History of the Middle East Part 4

On December 18, 2010, Mohamed Bouazizi, after being publicly humiliated by police officers at his vegetable stand in Tunisia, lit himself on fire. He died on January 4th, 2011. This sparked waves of protests in Tunisia, and after overcoming an initial media blackout, the Tunisian revolution had begun. On January 14th, Zine al-Abidine Ben Ali, ruler of Tunisia for 23 years, fled the country. A democratic regime is now largely thriving in Tunisia, and a liberal democracy seems to be an initial success in the small North African country.
This Tunisian revolution eventually morphed into protests all across the Arab world, known as the Arab Spring. For years, the vast majority of the Arab world had been ruled by corrupt and brutal dictators or kings. Tunisia, to the arab protestors, was an inspiration, and proof that protests could change how their world worked.
On January 25th, 2011, protesters in Cairo, in their “day of rage”, marched in the hundreds of thousands against the regime of Hosni Mubarak, which had lasted 30 years. Over the next few days, more protesters joined in, and on February 11th, Mubarak resigned, transferring power to the military.  On June 24th, 2012, after the Egyptian presidential election, the Muslim brotherhood took power. The Muslim brotherhood is a very interesting group. Despite being an Islamist group, it is an enemy of Saudi Arabia, as the Saudis view the brotherhood as a threat to their regime. The Muslim brotherhood is closer to Turkey, and was supported by Turkey during the Egyptian elections. In fact, the Muslim brotherhood attempted to build an Islamic dictatorship in Egypt, similar to that of Erdogan’s in Turkey.
Large amounts of protest also occurred elsewhere in the Islamic world. Bahrain saw massive protests as the Shia majority attempted to dispose of the ruling Sunni government, and autocratic governments across the Arab world saw uprisings against them. Some were crushed by government forces, others resulted in reform. However, these uprisings ultimately did not change much, except for in Tunisia. The uprisings that will be mentioned below, however, did result in huge amounts of change, in the form of a civil war.
Yemen underwent a revolution of its own. On January 27th, 2011, thousands of Yemeni civilians took to the streets in protest against the government of Ali Abdullah Saleh, who had been in power for around 3 decades. By February of 2012, Saleh left office after over a year of massive protests. Unfortunately, this would eventually leave Yemen in a total state of anarchy. Saleh himself would end up siding with the Houthis during the Yemeni civil war.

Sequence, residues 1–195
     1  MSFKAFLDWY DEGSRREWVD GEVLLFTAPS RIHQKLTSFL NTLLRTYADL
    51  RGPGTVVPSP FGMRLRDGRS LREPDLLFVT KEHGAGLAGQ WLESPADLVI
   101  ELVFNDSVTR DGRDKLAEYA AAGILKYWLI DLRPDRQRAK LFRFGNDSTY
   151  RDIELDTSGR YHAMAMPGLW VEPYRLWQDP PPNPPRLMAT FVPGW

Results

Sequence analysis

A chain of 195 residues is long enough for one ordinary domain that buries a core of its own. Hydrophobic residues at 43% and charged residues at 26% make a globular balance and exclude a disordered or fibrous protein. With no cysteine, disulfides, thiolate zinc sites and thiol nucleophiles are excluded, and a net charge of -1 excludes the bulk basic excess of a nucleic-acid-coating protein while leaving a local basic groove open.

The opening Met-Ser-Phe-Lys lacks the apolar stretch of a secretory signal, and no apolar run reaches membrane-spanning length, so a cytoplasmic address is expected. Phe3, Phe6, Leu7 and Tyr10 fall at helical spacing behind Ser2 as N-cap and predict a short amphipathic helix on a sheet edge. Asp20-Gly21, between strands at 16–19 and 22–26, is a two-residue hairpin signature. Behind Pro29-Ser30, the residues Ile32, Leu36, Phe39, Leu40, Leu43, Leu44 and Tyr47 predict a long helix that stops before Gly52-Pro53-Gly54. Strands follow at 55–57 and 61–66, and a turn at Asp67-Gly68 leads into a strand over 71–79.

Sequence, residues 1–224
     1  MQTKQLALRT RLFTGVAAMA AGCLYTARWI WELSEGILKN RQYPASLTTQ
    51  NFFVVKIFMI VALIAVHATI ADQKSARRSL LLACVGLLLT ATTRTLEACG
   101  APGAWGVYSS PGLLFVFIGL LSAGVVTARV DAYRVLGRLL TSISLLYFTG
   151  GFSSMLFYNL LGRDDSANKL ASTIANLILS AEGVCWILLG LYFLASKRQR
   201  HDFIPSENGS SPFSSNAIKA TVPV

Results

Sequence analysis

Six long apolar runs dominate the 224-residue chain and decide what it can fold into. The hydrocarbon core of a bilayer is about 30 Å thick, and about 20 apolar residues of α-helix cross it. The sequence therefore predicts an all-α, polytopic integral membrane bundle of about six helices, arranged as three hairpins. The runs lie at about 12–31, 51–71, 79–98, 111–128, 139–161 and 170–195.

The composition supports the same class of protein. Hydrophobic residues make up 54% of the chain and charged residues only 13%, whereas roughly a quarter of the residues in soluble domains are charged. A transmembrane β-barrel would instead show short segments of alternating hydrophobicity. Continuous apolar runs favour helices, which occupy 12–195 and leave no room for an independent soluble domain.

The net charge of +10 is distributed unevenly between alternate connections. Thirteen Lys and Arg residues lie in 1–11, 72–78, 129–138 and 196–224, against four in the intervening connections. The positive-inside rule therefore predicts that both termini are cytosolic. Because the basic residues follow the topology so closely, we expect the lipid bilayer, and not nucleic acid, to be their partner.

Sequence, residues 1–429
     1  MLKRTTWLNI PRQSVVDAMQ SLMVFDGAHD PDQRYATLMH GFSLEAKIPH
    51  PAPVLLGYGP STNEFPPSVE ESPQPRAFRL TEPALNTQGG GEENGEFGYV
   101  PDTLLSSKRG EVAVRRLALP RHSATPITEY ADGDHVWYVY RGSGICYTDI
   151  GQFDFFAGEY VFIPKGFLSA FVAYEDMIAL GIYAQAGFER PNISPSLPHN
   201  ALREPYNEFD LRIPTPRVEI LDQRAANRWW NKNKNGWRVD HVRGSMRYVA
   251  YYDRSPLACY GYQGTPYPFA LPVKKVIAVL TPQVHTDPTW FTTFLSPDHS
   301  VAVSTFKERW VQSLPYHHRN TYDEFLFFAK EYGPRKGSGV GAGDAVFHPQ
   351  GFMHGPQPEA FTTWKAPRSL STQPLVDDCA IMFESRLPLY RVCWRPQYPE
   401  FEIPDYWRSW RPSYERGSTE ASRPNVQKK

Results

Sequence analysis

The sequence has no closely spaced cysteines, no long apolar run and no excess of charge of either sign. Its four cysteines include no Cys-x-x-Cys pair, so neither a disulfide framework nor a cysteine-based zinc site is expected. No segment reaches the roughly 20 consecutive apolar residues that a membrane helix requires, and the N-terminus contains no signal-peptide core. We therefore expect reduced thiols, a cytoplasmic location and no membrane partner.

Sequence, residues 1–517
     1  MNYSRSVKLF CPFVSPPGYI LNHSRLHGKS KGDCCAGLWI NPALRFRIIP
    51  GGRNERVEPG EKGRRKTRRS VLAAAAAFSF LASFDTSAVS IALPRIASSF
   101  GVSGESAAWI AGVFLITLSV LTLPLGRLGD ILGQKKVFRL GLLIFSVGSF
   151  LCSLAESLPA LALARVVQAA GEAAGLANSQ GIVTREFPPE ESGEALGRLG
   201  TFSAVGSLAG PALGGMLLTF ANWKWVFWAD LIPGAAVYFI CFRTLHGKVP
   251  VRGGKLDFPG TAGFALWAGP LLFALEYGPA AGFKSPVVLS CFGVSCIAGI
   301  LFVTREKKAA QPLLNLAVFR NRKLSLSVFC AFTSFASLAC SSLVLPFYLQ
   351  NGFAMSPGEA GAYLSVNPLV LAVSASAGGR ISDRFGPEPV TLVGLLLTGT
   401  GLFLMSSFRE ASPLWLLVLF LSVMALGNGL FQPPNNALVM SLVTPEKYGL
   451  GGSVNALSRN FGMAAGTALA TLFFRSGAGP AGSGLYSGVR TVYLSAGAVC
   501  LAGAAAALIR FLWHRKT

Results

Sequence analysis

Libya is a classic case of a power vacuum. On February 15th, 2011,  anti-government protesters swarmed the streets of Libya. Rather than use anti-riot police, Gaddafi (who had ruled Libya with an iron fist for 42 years) elected to use military force, attacking protesters with helicopters and tanks. This, however, only resulted in more people joining the rebel cause, and parts of the military and Libya’s government begun to pledge their support for the rebellion. Over the next few months, Gaddafi’s position in Libya worsened, as he found himself an international pariah. In March, NATO enforced a no-fly zone over Libya and begun to bomb government held territory. By September, much of Libya had fallen to the rebels, leaving only the city of Sirte as a pro-Gaddafi stronghold. On October 20th, 2011, the war came to an end, as Gaddafi was killed and the last pro Gaddafi forces were eliminated. However, instead of a thriving democracy like that of Tunisia, Libya would quickly become a warzone with no central authority.
Syria is another case of the Arab spring gone wrong. After a group of school children who had sprayed anti-government graffiti onto a grain silo in Daraan were brutally beaten by Assad’s secret police, waves of protest swept across Syria. On March 25th, 2011, Syrian troops fired upon peaceful protestors, killing scores of people. On April 23rd, around 100 protesters were killed by government forces.. This only intensified anti-government sentiment. As crackdowns on dissent grew more brutal, several officers and soldiers defected from the Syrian government. This group then formed into the Free Syrian Army, which was the first armed group to fight against the Assad regime. This, of course, would rapidly lead to the Syrian Civil war.
2011 was also important in Iraq. To start with, all US troops were to be withdrawn from Iraq by the end of 2011. This led to massive amounts of instability, with a weak government and high tensions between Sunnis and Shias amid the Arab Spring. By late 2011, Iraq begun to fall apart again, with ISIS beginning to emerge as a potent fighting force, and Kurds in the north attempting to gain independence. Bombings and terror attacks escalated, and by 2014, Iraq would completely fall apart.

MiddleEast2011.PNG The Islamic World, by 2011, can largely be depicted by this map.


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